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Interactions of allergens and irritants in susceptible populations in producing lung dysfunction: implications for future research.

By A T Hastie and S P Peters

Abstract

Environmental agents, when applied in combination or sequentially, can induce a wide variety of adverse health effects in humans. To determine the effects of sequential allergen challenge and acid exposure on human bronchial epithelial cell function, we subjected normal, nonallergic control and ragweed-allergic individuals to bronchoscopic segmental ragweed challenge in vivo. We harvested bronchial epithelial cells by brush biopsy both before challenge and 24 hr after challenge and exposed cells to an acid stress in vitro (pH 5 for 3 hr), followed by a 1-hr recovery period at normal pH. In normal, nonallergic subjects, segmental allergen challenge produced no effects on ciliary activity; pH 5 exposure produced reduced ciliary activity (a decrease in the percent of the initially active area), with significant recovery after cells were returned to a normal pH. Ciliary activity from allergic subjects was also inhibited by pH 5 exposure; however, activity was not recovered when cells were placed in medium of normal pH. Ciliary activity in allergics who developed a stress response postantigen challenge, as determined by an induction of the 27 kDa stress (heat shock) protein, displayed no ciliary dysfunction when exposed to a pH 5 stress. In this case, a stress sufficient to provoke a heat shock (stress) protein (HSP) response (but not one that produced more severe lung injury and did not provoke an HSP response) protected cells from a subsequent acid stress. Because of our observations and recent findings reported in the literature, we suggest that in order to define the wide variety of health effects of environmental agents, control as well as at-risk populations should be studied and the ability to define potentially beneficial as well as detrimental effects should be built into the experimental design. Inclusion of different and novel end points also should be considered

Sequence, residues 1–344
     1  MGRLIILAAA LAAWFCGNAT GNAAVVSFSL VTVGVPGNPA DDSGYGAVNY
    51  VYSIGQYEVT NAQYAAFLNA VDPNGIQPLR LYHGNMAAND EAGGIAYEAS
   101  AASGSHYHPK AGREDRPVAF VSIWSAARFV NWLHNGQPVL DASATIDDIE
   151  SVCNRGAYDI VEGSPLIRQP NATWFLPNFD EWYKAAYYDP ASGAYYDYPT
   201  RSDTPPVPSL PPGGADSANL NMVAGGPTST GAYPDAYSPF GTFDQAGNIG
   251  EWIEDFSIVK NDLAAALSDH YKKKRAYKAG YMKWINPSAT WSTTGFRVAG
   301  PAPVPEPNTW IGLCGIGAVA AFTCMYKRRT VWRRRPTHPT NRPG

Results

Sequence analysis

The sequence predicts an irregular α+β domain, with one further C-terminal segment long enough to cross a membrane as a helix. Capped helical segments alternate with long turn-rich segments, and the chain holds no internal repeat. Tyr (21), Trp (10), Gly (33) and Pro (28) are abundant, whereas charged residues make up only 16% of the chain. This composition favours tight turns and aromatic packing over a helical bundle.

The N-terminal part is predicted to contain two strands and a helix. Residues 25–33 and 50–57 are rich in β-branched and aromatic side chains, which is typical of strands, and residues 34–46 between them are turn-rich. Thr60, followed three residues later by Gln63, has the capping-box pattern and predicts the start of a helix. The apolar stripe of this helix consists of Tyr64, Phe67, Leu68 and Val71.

Topics: Research Article
Year: 2001
OAI identifier: oai:pubmedcentral.nih.gov:1240589
Provided by: PubMed Central

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